A Texas Baptist Power Struggle
The Hayden Controversy
Publication Year: 2005
Published by: University of North Texas Press
Title Page, Copyright Page
Controversy seems almost second nature to Texas Baptists. When not waging war against external enemies from afar, they have often turned inward upon one another with unbecoming zest. At one point in the late nineteenth century rancor had produced five rival sate conventions, two hostile newspapers, and two competing universities. ...
Generally, Texas Baptists are known for two specific attributes. The first is evangelism. Wherever there are Texas Baptists one almost always finds a burning desire to lead the lost to Christ. The second attribute is not quite so noble. The Baptist denomination in Texas is also well known for its infighting. Whenever an enemy common to all Baptists ...
CHAPTER 1. Problems on the Horizon
THE NINETEENTH CENTURY WAS a time of religious foment in the United States. The disestablishment that had accompanied the American Revolution meant that previously unfavorable religious bodies such as Baptists and Methodists were now free to compete with one and all for converts. As a result ...
CHAPTER 2. An Unhappy Marriage
RECONSTRUCTION HAD BEEN DIFFICULT in Texas. Even though the state had been largely spared the scarred images of battlefields, the economy was in ruins. The financial problems that devastated the entire country had their roots in the overexpansion of the railroads. After the Civil War, the railroad added some ...
CHAPTER 3. Bad Blood in Dallas Leads to Ill Will Across Texas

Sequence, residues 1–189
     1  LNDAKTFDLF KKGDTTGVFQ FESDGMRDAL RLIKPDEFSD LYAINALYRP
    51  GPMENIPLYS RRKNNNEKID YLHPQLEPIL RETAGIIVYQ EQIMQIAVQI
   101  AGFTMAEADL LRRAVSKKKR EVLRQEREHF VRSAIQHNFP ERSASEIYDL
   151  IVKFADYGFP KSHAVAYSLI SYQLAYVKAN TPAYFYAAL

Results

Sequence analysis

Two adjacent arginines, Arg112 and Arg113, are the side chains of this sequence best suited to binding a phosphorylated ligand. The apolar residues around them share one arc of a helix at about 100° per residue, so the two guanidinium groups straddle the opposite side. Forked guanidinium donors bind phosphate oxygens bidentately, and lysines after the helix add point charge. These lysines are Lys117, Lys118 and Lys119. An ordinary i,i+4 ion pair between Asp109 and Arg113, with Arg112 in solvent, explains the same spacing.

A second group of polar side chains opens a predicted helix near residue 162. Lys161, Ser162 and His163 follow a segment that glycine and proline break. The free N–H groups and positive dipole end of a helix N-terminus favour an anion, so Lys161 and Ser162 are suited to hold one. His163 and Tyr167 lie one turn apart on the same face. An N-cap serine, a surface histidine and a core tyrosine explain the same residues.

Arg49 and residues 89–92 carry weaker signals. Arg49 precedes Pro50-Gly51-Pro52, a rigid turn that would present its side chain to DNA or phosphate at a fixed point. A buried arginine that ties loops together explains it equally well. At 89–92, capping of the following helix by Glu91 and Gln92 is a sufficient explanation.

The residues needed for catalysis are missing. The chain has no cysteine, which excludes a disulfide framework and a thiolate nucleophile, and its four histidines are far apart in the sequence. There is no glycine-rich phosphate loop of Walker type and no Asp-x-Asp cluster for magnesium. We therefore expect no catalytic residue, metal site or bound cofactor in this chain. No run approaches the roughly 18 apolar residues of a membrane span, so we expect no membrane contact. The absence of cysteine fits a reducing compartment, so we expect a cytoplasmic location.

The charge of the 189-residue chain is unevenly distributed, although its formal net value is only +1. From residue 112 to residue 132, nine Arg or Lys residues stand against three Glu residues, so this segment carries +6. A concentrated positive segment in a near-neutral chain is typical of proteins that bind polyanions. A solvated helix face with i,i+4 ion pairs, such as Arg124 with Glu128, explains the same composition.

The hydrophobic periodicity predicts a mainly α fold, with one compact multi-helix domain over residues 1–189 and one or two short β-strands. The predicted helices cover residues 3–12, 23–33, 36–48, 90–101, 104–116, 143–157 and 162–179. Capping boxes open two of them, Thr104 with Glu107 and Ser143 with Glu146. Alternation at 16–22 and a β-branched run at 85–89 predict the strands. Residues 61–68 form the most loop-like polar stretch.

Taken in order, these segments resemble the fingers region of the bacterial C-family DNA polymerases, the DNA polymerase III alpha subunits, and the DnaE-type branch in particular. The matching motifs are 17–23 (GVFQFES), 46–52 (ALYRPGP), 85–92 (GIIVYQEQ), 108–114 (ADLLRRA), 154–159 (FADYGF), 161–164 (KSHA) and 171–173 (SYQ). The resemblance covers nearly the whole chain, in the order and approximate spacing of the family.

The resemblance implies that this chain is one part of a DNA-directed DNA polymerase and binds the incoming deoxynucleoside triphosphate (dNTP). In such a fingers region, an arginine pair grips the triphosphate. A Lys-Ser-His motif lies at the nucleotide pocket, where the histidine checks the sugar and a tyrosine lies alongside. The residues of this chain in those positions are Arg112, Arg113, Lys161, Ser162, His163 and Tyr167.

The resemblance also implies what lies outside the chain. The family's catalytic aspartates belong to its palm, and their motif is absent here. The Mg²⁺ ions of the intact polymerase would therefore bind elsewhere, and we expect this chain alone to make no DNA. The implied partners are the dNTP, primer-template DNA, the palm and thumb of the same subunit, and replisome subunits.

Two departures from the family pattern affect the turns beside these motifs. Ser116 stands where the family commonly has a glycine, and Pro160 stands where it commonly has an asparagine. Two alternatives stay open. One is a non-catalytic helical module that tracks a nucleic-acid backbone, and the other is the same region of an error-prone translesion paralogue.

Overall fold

DURING THE 1880S, UNIFICATION was an important concept not only in the Baptist General Convention of Texas, but also in the many different areas of the secular world in Texas. The railroad in particular was a unifying force and Texas experienced significant growth in this industry. Prior to the Civil War there had ...
CHAPTER 4. B. H. Carroll Takes the Lead
THE EMERGING TUMULT AMONG Texas Baptists was paralleled in the early 1890s by economic tumult within the state and nation. The Sherman Silver Purchase Act of 1890 was a major cause of a severe economic downturn that culminated in the “Panic of 1893.” With the addition of western states with large silver ...
CHAPTER 5. Hayden’s Reform Movement
DESPITE HIS BELIEF THAT J. M. Carroll was a far better Corresponding Secretary than J. B. Cranfill, Hayden proclaimed that times were lean and that the salaries of the Board were excessive. He constantly belittled the increased salary of J. M. Carroll. Hayden suggested that Carroll’s $400 salary increase over his ...
CHAPTER 6. Winner Takes It All
ALTHOUGH TROUNCED AT MARSHALL, Hayden refused to give up. To his call for reform he now added sensational charges: J. B. Cranfill was an embezzler, B. H. Carroll was an autocrat, R. T. Hanks was an adulterer, and J. M. Carroll was preoccupied with the love of money.1 In addition, President Buckner was under ...
CHAPTER 7. The End of an Era
EVEN IN THE MIDST of Hayden’s litigation and incessant diatribes, the Board believed another victory was within its grasp. Several favorable elements combined as the Convention was called to order. The 1898 regular session of the BGCT took place at Waco, a city known for its support of the Board and its anti-Hayden ...
THE FINAL DECADES OF the nineteenth century were periods of transformation and controversy for Texas Baptists. The denomination’s forefathers who established the Baptist presence in Texas were slowly passing from the scene. This change in leadership was embodied in the rising influence of B. H. Carroll, J. M. Carroll, R. ...
Page Count: 192
Illustrations: 12 b&w illus.
Publication Year: 2005
OCLC Number: 191937687
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